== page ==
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Metal Roofing

By HHI Staff

Metal roofing is manufactured from a variety of different materials including copper, aluminum, steel, and stainless steel. Stainless steel and copper are quite expensive and are not often encountered in residential construction. Aluminum and steel roofs usually have a protective coating such as paint, zinc (galvanizing), or terne metal (an alloy of lead and tin). Some products rely on a controlled oxidation process to protect them. This process is chemically similar to rusting but it actually helps to protect the roof.


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Steel is the most widely used metal-roofing material, and it is being seen more and more on residences. A galvanized-steel roof with a colored baked-on paint can be quite durable and attractive. Metal roofs with baked-on finishes are well tolerated by sensitive individuals and are good choices for healthy houses. There are a number of different paints being used, so extremely sensitive people may want to obtain a sample prior to installation. Because most paints are baked on, outgassing is minimal.


The gentle sound of rain on a metal roof is viewed as a positive point by some people. Others consider the sound to be noise and a drawback. In a well-insulated house, the sound is usually not excessive, but in an uninsulated building with no ceiling, the sound of rain on a metal roof can be quite loud.


Sheet roofing


Long sheet-metal panels that run from ridge to eave are widely available. This type of metal roofing is often used on agricultural and commercial buildings, but it can also be used on houses, and with a little planning, it does not have to look like a barn roof. A striking residential look can often be achieved simply by designing a nice eave detail and selecting an appropriate color. Metal roofing is preferred by many architects and developers because of its long life, aesthetic qualities, and ease of installation.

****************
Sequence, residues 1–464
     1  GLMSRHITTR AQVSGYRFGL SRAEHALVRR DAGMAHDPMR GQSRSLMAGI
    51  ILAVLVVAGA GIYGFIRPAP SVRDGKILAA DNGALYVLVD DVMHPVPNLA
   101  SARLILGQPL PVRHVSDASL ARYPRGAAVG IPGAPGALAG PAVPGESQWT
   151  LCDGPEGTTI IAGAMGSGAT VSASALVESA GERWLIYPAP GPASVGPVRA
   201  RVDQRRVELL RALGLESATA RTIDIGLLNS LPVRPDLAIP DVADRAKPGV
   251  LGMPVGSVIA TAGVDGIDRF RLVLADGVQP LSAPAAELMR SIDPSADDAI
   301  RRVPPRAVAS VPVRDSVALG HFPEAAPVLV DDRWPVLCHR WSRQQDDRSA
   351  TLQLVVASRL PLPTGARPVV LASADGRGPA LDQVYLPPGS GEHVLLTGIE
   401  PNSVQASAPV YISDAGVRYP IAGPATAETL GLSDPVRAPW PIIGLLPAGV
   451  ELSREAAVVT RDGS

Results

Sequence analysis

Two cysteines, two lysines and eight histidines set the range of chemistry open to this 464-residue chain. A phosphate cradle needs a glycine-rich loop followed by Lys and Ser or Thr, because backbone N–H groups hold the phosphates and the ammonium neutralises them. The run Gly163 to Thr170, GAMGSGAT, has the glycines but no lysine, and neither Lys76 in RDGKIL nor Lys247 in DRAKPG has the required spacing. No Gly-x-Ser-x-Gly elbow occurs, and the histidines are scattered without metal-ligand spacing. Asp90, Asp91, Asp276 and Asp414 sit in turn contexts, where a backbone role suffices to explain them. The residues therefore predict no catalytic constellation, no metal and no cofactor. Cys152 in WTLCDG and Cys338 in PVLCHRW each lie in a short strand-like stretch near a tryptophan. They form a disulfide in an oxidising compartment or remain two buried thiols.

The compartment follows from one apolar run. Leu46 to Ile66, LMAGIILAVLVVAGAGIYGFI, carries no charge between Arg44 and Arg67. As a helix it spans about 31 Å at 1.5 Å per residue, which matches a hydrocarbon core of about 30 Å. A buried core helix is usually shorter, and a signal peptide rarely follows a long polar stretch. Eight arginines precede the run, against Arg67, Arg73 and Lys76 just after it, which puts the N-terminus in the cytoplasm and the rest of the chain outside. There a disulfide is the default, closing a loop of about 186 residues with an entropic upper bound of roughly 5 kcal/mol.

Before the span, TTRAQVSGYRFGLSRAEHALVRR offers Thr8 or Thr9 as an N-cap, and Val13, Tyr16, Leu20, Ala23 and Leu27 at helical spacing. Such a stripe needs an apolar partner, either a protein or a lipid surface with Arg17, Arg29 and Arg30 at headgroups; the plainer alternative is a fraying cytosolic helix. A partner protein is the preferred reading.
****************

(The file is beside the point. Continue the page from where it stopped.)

If you just consider material costs, sheet-metal roofing is generally more expensive than low-cost composition shingles. But, if metal roofing is attached to wood or metal purlins, the cost can be a little less than plywood sheathing. Labor costs to install sheet-metal roofing on a simple rectangular roof can be low. On the other hand, complicated roof designs with many hips and valleys require more labor, and they result in more wasted material, thus a higher cost.


Sheet-metal roofing is available in different configurations or shapes, and it can be installed in several different ways. The best (and most expensive) roofing is the standing-seam roof. A standing-seam roof utilizes hidden fasteners so there are no holes placed in the roof itself. Less-expensive installations utilize nails with rubber washers under their heads which are simply driven through the ribbed roofing into wooden purlins. A drawback to using nails is the fact that they can work their way out slightly, allowing for a possible leak. Using screws with rubber washers under their heads usually doesn’t result in leaks. Special flashings are required in some locations where a roof abuts a wall or at plumbing vent stacks. These are generally available from roofing suppliers.


To locate a supplier or installer who is familiar with metal roofing, first check your telephone book under Buildings—Agricultural, Buildings—Metal, or Buildings—Pole & Post Frame. An expensive commercial roof will be heavier and have a better coating than a low cost agricultural-grade material. Commercial roofing is often considered structural, that is, it’s self supporting, and can be placed over widely-spaced purlins. Non-structural roofing is generally placed over a solid deck, or over purlins spaced on 24" centers. Various construction magazines routinely run articles on the finer points of installing metal roofs. When comparing prices, ask your supplier for an expected life. This can be compared to the commonly used fiberglass shingles which last 15-25 years.


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Metal Roofing:  Created on July 18th, 2008.  Last Modified on January 20th, 2010


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